Multitasking as a word doesn’t cover what this day is shaping up to be. I woke up to a gigantic crashing sound as a fifty foot Douglas Fir hit the driveway. Then, like bees, guys swarmed around and started cutting limbs with chainsaws. If you’ve ever seen the show “Inside the Actor’s Studio” there is a question asked by the host near the end of every program of the celebrity being interviewed. The question is “What is the sound you hate the most?” As you’ve already guessed this celebrity would have answered “the sound of chain saws in the morning”. We’re in the middle of having about ten big trees taken out of our front and back yard. Don’t worry…we have hundreds…four acres full. But we decided to remove a few of them when my flower garden started moving out into the driveway by its own power because it was feeling so sun-deprived. We live like vampires in our dark cabin and need some light to keep us sane and to promote some plants we’d like to try out in our wild garden. So the falling trees. What you can’t imagine, especially if you live in the city is what cutting a few trees down really means. It means moving any fragile possessions that are anywhere near the place where trees will fall as far away as possible. It means taking down your deer fence. It means three huge machines (one called Madd Max that I’m in love with) and trucks drive over your lupines and park all over your property. It means all of your kitties hide in the house in the top part of your closet and huddle there all day. It means you have all of the left over branches from each tree to pile and burn or if they’re bigger branches but not big enough to sell to rescue and cut for firewood. It means each day that there is cutting the entire day is unsettled and nerve wracking.
And of course I’m trying to work. You’d never guess what I’m working on. I’ve had a lot of strange things that I’ve used for a canvas…a life sized fiberglass cow for the Kows for Kids in Portland, Oregon, lots and lots of old wooden ironing boards, cups, bowls, chairs and music carts for hospitals but this is the strangest. I’m painting a hub-cap. I was contacted by a gallery in Pennsylvania about painting a hub-cap for a project called The Landfill Art Project. To take a look at it, go to www.landfillart.org. I knew nothing about this project until I was contacted by its director to do a piece for it. I said yes because any profits from the pieces or the book done from the finished pieces will go to global reforestation. (I guess to get my karma right with the trees it is no coincidence that I was asked to do this). I’ve had some mystical experiences with hubcaps in the last four years. When my mom was beginning to show definite signs of Alzheimer’s disease, she started a collection of hubcaps in her backyard. There were hubcaps carefully placed in her garden, her front yard, her porch and her garage. She must have seen that they were shiny and she liked shiny (not unlike myself). So they continued to multiply until she finally collapsed and ended up in the hospital. During her weekend in the hospital my daughter and I HAD to find a place where she could be cared for. She refused to have any help in her huge house, or even to have Meals on Wheels feed her. She was getting more and more confused each day so we had to find a good place FAST before the hospital just turned her loose on the street. The hospital had some excellent social workers who totally understood what we were going through. They gave us a long list of facilities to look at and off we went. It was a Saturday. We checked the list and found a few places that looked good to us. We looked at some and were not happy. Then we found a listing for St. Anthony Village in Southeast Portland. It is a non-profit Catholic assisted living and Alzheimer care center near Powell Boulevard. We got kind of excited because it fit our checklist for everything we were looking for. We headed down Powell to go and see it. As we got close to the turn off to St. Anthony, all of a sudden a shiny large hubcap flew right in front of my van window. Amy and I looked at each other and took it as a sign. Both of us being Catholic we believe in signs and miracles. We went in, were shown around by a very nice caretaker but couldn’t talk to a director or apply until Monday. We were also told that there were few openings and there was a waiting list. We left our names and told the director to call us when she got back from her weekend. Dismayed, we went home. When we got there we had a call waiting from the director. She had just happened to go in to work to finish up some project and got our message. She said we could have the room for my mom. It was a miracle. At least that’s how we saw it.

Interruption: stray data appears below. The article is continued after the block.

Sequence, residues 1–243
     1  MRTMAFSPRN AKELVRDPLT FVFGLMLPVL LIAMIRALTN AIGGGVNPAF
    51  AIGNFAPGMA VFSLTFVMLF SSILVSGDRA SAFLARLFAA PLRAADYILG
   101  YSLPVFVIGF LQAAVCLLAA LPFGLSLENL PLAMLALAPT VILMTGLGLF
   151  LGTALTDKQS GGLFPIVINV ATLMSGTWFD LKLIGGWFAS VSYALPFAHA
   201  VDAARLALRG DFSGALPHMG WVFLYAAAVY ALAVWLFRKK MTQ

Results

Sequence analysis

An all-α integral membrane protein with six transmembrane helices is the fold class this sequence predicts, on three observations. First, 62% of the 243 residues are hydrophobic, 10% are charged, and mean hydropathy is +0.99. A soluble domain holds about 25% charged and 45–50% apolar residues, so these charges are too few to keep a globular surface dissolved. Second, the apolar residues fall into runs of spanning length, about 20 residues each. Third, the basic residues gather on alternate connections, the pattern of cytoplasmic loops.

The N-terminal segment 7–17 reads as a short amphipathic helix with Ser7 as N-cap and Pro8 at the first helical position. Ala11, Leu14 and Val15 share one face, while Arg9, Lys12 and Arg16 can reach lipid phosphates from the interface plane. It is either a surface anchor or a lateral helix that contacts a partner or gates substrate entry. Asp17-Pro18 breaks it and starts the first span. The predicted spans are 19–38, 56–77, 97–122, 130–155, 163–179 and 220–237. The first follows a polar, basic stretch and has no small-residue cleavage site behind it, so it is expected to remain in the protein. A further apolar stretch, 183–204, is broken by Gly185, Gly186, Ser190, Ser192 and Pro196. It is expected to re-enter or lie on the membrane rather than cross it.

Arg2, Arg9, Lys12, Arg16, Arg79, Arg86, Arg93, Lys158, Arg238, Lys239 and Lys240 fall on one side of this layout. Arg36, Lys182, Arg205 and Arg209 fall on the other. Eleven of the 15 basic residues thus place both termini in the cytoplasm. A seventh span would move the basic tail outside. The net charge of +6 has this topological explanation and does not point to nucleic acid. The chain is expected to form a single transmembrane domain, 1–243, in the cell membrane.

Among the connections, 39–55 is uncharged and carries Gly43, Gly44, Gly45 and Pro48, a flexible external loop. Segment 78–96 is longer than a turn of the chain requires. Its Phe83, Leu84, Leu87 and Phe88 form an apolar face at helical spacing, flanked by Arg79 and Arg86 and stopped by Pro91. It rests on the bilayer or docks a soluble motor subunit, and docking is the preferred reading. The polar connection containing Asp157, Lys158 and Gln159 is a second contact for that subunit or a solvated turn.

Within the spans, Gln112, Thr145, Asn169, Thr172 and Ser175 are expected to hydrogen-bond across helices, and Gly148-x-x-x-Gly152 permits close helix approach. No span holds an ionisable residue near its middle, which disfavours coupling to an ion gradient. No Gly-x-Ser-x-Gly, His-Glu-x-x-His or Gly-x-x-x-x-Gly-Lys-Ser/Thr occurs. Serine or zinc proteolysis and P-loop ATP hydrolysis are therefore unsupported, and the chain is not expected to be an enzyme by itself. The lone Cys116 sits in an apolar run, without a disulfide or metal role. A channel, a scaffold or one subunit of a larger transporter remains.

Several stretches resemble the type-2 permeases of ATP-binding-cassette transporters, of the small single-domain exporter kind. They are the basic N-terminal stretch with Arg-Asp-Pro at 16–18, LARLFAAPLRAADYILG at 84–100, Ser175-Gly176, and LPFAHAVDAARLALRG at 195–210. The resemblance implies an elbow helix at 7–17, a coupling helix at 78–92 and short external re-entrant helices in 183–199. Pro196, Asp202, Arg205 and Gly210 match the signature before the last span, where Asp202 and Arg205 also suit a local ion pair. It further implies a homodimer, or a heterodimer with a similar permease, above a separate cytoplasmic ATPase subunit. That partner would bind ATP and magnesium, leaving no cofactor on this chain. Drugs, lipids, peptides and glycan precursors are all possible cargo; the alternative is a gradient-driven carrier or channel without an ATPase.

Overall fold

So, the title of my piece, painted on a hub-cap for the Landfill Art Project is “Our Lady of Flying Hubcaps.” I’ll post a picture when I’m done. Isn’t life strange? There are no coincidences.